Over the years, I have heard various colleagues say they thought empirical legal research (ELR) has been on the rise. Some see this as a positive development, making law and legal research more evidence-based and diverse. Others are critical, for example because ELR projects are more successful when it comes to obtaining grants than doctrinally-oriented projects.

For sure, I have seen many ELR workshops, conferences, symposiums and other events been organized over the years. Nevertheless, I have wondered why there would be an increase of ELR. I have not seen more colleagues who have been enthusiastic about ELR actually start doing more ELR. This year, together with two co-authors, I took the time to go analyze the proportion of empirical articles in the 2008 – 2017 period for a large number of European-based legal journals.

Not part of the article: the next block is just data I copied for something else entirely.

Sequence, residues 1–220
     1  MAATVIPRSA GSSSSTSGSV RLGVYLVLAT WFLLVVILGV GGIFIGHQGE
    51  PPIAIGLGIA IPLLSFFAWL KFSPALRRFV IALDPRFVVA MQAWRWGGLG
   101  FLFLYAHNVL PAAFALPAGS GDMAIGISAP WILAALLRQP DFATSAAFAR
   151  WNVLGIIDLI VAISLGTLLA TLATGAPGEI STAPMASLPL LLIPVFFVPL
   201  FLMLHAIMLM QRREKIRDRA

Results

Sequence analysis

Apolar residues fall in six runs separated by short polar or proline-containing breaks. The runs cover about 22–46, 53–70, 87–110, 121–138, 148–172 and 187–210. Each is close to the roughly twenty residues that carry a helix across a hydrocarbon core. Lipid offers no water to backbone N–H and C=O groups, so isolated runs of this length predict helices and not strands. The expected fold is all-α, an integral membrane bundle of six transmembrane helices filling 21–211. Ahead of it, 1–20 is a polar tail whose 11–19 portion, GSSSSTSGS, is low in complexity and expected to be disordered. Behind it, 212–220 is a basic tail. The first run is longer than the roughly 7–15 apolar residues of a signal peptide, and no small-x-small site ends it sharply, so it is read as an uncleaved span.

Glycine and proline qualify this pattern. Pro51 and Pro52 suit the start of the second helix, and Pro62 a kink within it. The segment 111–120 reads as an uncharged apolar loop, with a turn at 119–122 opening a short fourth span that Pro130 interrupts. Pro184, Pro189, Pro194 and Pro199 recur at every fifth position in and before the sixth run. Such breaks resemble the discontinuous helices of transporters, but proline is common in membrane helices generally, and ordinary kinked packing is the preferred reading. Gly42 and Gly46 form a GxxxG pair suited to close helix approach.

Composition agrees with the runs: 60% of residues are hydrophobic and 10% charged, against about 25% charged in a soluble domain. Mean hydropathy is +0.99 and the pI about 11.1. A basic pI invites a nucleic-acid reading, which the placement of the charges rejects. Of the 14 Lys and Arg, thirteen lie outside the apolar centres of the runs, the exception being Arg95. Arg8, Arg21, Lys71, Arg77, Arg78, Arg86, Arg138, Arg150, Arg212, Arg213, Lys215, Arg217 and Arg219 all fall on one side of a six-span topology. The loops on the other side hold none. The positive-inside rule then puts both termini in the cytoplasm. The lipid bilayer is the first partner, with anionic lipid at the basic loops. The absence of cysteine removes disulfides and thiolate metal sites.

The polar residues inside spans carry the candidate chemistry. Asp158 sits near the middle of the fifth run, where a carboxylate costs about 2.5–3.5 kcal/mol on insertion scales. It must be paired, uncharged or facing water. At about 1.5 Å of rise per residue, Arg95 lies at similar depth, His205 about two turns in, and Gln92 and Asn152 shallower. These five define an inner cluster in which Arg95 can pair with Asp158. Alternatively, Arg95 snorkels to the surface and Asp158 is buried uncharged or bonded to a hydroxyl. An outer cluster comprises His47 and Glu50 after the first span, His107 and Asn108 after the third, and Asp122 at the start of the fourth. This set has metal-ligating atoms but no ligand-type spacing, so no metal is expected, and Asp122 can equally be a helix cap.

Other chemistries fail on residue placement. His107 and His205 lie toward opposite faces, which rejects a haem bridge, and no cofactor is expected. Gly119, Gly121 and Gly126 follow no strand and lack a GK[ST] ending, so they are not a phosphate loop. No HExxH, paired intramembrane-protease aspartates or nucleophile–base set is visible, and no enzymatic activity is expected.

The result? The evidence for an increase is weak at best. The results do not provide convincing evidence (if any) for an increase of the proportion of empirical articles. We did find some other interesting effects, such as more prestigious journals being more likely to publish empirical articles than less-prestigious journals, and older journals being more likely to publish empirical work than younger journals, but not at an increasing rate.

The study obviously comes with some limitations, since the time period that was examined is limited, because an analysis of the submitted articles may paint a different picture, or because ELR scholars may tend to publish in US-based journals rather than European-based journals. Nonetheless, the findings do raise the question why ELR has not become more popular.